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Home Video Game Systems

Is this what your den looked like in the early '80s?

Dennis/Hallinan/Getty Images

Given their boxy graphics and simple interface, it might be hard to remember just how revolutionary home video game consoles were in the 1980s. When the decade began, the Odyssey was still game console No. 1. But it didn't take long for the Atari 2600 to take over the market, with games like "Space Invaders," "Breakout," "Missile Command" and "Combat." Mattel released a competing system in 1980 called Intellivision, which boasted slightly better graphics than its older counterpart and featured the first synthesized voices in video games. Coleco jumped into the fray as well, releasing the Colecovision in 1982. These consoles featured interchangeable game cartridges, which meant players weren't stuck with the games that came preloaded on earlier systems. They were a big hit -- perhaps too big.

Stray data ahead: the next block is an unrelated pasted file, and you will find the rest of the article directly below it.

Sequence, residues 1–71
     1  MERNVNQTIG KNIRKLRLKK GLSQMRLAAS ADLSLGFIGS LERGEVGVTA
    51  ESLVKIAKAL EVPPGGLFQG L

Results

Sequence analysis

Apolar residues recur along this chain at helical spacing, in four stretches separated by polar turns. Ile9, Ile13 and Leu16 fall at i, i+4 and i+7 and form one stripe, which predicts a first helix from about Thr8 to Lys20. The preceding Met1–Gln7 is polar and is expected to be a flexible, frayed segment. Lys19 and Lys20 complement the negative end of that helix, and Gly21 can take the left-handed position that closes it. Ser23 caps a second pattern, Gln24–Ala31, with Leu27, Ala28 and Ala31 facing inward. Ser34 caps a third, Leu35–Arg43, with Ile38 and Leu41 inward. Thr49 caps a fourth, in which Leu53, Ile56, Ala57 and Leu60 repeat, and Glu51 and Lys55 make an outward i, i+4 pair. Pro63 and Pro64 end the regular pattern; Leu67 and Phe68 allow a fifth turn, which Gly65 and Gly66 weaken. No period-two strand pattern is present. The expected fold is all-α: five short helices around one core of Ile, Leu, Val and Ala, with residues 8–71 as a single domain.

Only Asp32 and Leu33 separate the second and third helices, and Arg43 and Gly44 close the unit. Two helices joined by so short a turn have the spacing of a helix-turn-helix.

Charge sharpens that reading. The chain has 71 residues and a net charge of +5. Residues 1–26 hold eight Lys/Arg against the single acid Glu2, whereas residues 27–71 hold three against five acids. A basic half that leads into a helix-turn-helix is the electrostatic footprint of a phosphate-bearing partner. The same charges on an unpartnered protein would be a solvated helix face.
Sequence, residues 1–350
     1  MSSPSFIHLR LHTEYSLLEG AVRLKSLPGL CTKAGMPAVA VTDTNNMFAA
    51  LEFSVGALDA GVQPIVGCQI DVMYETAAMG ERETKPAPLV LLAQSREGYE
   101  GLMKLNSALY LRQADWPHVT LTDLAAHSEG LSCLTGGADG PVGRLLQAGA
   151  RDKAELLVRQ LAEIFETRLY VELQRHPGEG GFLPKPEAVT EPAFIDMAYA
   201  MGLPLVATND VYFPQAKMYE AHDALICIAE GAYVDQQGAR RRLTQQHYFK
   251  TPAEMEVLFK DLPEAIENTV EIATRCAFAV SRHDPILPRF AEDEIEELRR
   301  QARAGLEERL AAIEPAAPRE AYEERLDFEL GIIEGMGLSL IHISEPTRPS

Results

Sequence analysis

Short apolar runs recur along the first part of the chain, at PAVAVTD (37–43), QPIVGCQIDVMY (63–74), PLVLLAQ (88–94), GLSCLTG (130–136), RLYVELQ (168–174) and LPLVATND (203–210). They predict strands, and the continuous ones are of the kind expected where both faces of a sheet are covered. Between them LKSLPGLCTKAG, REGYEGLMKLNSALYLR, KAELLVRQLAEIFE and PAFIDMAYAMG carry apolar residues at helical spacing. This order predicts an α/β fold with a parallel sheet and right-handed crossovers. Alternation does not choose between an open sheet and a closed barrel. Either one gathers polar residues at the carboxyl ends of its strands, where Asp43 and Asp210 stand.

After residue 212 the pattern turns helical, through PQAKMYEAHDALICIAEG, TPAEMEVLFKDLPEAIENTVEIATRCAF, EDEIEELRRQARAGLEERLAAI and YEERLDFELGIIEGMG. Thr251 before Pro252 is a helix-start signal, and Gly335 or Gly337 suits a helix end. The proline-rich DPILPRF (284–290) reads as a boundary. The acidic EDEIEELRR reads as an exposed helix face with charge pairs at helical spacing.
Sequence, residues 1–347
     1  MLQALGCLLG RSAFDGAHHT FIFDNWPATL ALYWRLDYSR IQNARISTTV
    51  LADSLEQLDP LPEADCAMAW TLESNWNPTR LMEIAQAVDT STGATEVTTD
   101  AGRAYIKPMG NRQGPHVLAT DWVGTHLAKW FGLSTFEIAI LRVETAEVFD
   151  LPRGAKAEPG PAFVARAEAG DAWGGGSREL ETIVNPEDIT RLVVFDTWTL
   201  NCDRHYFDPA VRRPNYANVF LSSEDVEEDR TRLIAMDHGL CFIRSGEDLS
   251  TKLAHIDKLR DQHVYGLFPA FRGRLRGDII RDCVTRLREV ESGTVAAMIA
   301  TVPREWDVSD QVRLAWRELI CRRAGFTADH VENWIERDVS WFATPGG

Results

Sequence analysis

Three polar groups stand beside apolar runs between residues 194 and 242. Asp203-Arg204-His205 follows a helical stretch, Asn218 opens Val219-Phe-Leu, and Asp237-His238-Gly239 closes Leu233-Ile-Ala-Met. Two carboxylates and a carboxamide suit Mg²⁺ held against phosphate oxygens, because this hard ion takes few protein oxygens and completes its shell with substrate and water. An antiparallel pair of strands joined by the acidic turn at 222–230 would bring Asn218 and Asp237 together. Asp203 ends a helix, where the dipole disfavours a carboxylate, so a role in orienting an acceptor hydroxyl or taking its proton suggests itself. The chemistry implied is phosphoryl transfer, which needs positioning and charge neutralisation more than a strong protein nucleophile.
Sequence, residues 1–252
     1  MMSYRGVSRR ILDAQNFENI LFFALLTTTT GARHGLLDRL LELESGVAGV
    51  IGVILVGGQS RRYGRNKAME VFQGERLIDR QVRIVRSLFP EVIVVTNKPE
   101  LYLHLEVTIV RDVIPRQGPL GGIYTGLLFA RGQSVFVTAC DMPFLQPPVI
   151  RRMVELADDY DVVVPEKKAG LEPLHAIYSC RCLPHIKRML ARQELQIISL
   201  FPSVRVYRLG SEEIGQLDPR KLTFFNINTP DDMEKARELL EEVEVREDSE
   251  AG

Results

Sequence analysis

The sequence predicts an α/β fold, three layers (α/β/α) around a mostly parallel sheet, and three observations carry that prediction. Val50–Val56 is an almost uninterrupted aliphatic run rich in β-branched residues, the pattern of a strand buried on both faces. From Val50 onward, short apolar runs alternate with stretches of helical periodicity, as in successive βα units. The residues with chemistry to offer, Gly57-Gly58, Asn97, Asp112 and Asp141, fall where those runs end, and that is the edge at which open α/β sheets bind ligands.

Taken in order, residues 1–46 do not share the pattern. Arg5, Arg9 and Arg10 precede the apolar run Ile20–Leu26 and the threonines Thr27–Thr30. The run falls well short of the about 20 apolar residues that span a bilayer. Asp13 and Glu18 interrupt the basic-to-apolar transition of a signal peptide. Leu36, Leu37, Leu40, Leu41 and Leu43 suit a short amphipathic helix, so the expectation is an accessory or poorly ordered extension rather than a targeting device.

By 1983, the once unstoppable video game industry fell onto hard times. A glut of new gaming systems and low-quality, unlicensed cartridges turned off consumers and opened the door for personal computers like the Apple II and Commodore 64 to gain a foothold in the market. Then, the home video game industry rebounded in 1985, thanks to Nintendo, a Japanese company that originally manufactured playing cards. It released the Nintendo Entertainment System with legendary games like "Super Mario Bros.," "Metroid" and "The Legend of Zelda," and licensed other high-quality games including "Contra," "Final Fantasy" and "Techmo Super Bowl." Nintendo's final success of the decade was the Game Boy, released in 1989. The first major handheld gaming system, the Game Boy opened up exciting new possibilities for the video game industry as the 1980s came to a close.

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